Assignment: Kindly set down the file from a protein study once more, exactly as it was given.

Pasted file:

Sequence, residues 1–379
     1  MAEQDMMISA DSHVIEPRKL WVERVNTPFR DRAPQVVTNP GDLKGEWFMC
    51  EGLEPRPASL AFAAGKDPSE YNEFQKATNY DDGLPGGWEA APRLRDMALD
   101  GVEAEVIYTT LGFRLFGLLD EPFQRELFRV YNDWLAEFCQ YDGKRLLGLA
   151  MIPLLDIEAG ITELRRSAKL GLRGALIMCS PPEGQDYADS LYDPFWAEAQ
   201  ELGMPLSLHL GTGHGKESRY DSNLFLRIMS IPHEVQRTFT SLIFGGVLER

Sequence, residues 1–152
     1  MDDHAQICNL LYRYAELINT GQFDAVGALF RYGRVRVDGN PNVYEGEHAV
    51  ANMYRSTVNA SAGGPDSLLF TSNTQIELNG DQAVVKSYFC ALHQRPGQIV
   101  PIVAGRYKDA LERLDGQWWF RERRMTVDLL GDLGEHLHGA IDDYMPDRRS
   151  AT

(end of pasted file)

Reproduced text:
Sequence, residues 1–379
     1  MAEQDMMISA DSHVIEPRKL WVERVNTPFR DRAPQVVTNP GDLKGEWFMC
    51  EGLEPRPASL AFAAGKDPSE YNEFQKATNY DDGLPGGWEA APRLRDMALD
   101  GVEAEVIYTT LGFRLFGLLD EPFQRELFRV YNDWLAEFCQ YDGKRLLGLA
   151  MIPLLDIEAG ITELRRSAKL GLRGALIMCS PPEGQDYADS LYDPFWAEAQ
   201  ELGMPLSLHL GTGHGKESRY DSNLFLRIMS IPHEVQRTFT SLIFGGVLER

Sequence, residues 1–152
     1  MDDHAQICNL LYRYAELINT GQFDAVGALF RYGRVRVDGN PNVYEGEHAV
    51  ANMYRSTVNA SAGGPDSLLF TSNTQIELNG DQAVVKSYFC ALHQRPGQIV
   101  PIVAGRYKDA LERLDGQWWF RERRMTVDLL GDLGEHLHGA IDDYMPDRRS
   151  AT